Wampanoag oyster project gets reprieve
The Aquinnah selectmen voted unanimously Tuesday to give the Wampanoag Tribe of Gay Head (Aquinnah) another 30 days to clean up an oyster aquaculture operation on the western side of Menemsha Pond. The oyster project, abandoned for the past two years, has been an ongoing source of complaints from neighbors and the cause of substantial tax abatements to shoreline property owners.
At issue is whether the town will renew a lease of more than five acres of bottom below town owned waters, or issue a new lease.
Tribe chairman Cheryl Andrews-Maltais told selectmen the tribe intends to scale back the aquaculture operation, but maintain a presence as a cultural and educational resource. She said the tribe wants to renew the lease.
"Our respect and utilization of Menemsha Pond predates all who have come after us," said Ms. Andrews-Maltais, in a statement (available at mvtimes.com) she read at the meeting. "Our misfortune was that we allowed ourselves to believe that we should over estimate the potential and responsible use of the pond, inconsistent with our traditional practices. The realization and fact remains that the people of the tribe, as the original stewards of this Island and specifically Aquinnah, are responsible for having kept Menemsha Pond such a beautiful area."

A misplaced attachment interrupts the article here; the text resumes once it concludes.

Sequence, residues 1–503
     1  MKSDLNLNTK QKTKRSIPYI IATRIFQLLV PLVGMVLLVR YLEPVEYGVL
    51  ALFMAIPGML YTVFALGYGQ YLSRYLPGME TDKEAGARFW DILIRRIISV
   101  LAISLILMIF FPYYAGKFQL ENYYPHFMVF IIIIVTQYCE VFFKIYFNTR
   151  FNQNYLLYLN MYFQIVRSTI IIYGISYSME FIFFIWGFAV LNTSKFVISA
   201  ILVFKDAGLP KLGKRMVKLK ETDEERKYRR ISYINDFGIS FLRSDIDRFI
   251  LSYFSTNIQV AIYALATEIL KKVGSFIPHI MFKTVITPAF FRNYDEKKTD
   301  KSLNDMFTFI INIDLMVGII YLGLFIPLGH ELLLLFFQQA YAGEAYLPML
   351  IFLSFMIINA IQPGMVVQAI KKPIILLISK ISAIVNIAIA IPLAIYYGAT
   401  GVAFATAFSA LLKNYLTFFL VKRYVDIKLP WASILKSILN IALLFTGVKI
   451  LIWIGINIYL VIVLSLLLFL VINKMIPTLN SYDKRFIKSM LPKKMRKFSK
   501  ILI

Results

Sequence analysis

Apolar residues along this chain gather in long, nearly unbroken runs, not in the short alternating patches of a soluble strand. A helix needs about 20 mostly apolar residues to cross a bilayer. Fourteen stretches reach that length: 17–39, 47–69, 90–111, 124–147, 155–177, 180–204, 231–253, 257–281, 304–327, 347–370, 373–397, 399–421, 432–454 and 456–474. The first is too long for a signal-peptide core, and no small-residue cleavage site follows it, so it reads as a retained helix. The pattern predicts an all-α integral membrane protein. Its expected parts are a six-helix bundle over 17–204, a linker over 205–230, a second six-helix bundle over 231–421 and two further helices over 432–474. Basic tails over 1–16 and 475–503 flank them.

Selectman Camille Rose said promises made four years ago about better stewardship of the leased waters, and a switch to more manageable aquaculture technology, were not kept.
"I have no faith at all that you are sufficiently committed to keeping that gear together," said Ms. Rose. "There should be zero tolerance."
Ms. Andrews-Maltais said weather conditions make it difficult to keep the aquaculture gear in perfect order.
"It's nature," said Ms. Andrews-Maltais.
"It's not nature, it's carelessness," said Ms. Rose.
Ms. Rose also disputed the tribe's contention that poor weather and a short timeframe prevented a complete clean-up.
"There wasn't any reason it couldn't have been cleaned up in 60 days," said Ms. Rose.
Durwood Vanderhoop, acting chairman of the Wampanoag Aquinnah Shellfish Hatchery (WASH), responded. "We've done what we could to strengthen all the lines and remove the bags from the beach," he said. "That's an ongoing process. You guys could decide to shut this down and go through the clean up yourself."